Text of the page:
THE PLANETARY NEBULAE
In which Hubble images are
compared with Curtis's historic century-old set of Lick
Planetary nebulae, some
of the loveliest objects in the sky, are complex shells of gas
that have been ejected by dying advanced giant stars like Mira. They were discovered as a set and
given their collective name by William Herschel in the late 1700s.
The story is given in the text for the "first planetary," NGC 7009. See the table
that follows this introduction.
The nebulae, which can be over a light year across, are
ionized and made to glow by ultraviolet radiation from their
central stars, which are the stripped-down old nuclear-burning
cores of stars that were once much like the Sun. In effect, the central stars are the
precursors of dense white
dwarfs that are basically balls of carbon and oxygen, the
result of aeons of nuclear fusion. When the outer husks of the
giants are finally gone via strong winds, the old cores first heat
at constant luminosity (which can be thousands of times that of
the Sun) to temperatures that can hit 200,000 Kelvin. See the comments that follow the table below. After
nuclear fusion shuts down and most of the old hydrogen envelope is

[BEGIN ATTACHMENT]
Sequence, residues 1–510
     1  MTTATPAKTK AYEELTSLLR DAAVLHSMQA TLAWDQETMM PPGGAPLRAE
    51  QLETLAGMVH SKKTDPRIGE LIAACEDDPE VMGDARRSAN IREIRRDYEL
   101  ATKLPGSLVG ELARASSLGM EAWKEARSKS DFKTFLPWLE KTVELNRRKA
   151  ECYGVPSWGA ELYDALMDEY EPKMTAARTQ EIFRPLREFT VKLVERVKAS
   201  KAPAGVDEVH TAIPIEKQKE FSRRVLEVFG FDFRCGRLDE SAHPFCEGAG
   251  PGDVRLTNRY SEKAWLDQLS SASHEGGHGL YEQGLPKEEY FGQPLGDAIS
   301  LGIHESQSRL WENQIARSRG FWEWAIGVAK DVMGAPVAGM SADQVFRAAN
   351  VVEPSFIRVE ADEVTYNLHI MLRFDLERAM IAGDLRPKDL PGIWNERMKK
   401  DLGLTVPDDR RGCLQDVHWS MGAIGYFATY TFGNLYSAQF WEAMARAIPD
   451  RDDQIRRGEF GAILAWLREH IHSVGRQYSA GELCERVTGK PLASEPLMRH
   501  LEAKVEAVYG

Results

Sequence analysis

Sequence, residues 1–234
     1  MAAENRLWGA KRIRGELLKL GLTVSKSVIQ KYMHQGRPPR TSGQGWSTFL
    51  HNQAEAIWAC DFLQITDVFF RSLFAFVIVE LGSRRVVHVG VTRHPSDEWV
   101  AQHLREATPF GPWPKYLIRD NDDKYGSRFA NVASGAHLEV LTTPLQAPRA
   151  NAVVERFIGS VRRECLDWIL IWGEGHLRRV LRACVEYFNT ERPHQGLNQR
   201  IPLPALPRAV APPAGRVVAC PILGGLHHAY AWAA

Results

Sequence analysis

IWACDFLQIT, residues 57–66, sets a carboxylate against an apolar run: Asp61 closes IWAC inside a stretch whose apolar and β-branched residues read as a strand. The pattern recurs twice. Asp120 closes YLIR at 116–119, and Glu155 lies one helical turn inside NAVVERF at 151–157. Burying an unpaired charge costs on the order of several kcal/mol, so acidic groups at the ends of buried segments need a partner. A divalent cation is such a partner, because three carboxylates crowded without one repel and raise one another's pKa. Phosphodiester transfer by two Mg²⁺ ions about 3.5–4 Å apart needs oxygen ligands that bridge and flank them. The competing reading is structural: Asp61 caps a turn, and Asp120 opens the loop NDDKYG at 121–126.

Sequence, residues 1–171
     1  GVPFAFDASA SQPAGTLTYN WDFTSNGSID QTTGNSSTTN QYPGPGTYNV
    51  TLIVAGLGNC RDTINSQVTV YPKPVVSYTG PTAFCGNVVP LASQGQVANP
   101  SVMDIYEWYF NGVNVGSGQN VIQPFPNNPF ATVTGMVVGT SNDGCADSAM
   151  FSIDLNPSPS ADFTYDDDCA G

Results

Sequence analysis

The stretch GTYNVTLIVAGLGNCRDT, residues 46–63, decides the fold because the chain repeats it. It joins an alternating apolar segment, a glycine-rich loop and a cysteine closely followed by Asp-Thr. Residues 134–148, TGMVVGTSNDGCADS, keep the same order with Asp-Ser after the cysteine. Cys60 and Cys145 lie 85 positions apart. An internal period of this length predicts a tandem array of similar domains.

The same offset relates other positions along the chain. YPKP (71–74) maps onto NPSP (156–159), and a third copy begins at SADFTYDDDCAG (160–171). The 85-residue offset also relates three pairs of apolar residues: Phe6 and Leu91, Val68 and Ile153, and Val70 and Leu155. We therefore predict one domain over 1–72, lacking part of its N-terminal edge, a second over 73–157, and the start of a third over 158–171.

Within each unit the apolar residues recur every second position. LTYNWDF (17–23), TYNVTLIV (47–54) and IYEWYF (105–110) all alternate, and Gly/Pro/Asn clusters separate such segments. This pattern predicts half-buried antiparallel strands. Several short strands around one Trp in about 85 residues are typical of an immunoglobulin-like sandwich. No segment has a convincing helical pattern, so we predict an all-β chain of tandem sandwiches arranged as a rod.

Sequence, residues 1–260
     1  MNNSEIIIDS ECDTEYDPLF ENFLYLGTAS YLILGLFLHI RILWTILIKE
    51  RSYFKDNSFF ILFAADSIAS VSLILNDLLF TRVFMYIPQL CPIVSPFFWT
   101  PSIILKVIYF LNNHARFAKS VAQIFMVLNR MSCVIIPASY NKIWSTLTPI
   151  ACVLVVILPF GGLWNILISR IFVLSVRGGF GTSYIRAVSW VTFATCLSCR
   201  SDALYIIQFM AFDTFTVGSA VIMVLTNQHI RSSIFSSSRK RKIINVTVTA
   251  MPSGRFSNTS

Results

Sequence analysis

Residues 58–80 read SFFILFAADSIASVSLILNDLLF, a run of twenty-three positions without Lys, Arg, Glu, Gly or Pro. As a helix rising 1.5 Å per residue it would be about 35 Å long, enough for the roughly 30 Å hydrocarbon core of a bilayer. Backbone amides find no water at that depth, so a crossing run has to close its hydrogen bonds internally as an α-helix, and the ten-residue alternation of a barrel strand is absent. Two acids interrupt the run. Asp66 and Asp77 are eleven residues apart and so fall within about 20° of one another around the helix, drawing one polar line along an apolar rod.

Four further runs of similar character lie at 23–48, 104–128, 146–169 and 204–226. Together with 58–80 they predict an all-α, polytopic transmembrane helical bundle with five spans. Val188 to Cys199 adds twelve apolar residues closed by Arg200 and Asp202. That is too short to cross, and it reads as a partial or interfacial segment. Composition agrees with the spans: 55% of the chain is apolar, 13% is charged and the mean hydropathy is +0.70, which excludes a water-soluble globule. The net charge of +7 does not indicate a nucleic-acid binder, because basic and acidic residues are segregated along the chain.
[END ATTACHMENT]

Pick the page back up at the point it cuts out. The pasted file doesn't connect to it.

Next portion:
stripped away, they then cool and dim as they head for the white
dwarf realm on the HR diagram. Indeed, the
cooling stars are in effect already white dwarfs. All the nebulae
are expanding with typical speeds of 20 -30 kilometers per second.
Eventually the nebulae, some loaded with the by-products of
nuclear fusion, dissipate into space (to be come fodder for new
stars), leaving the lonely white dwarfs behind. Beautiful but
ephemeral, the whole show is over in under 10,000 years.
The nebulae are shaped by hot winds from the stars ramming
into mass lost while the stars were advanced giants. The
intricate structures can be exceedingly complex, the result of double star action, rotation,
the effects of stellar magnetic fields, or other causes: no one
The pages here present a contrasting picture between two
great sets of planetary images made a century apart: those brought
to us by Heber Doust Curtis in the Publications of the Lick
Observatory, Volume 13, Part III, 1918, and those made using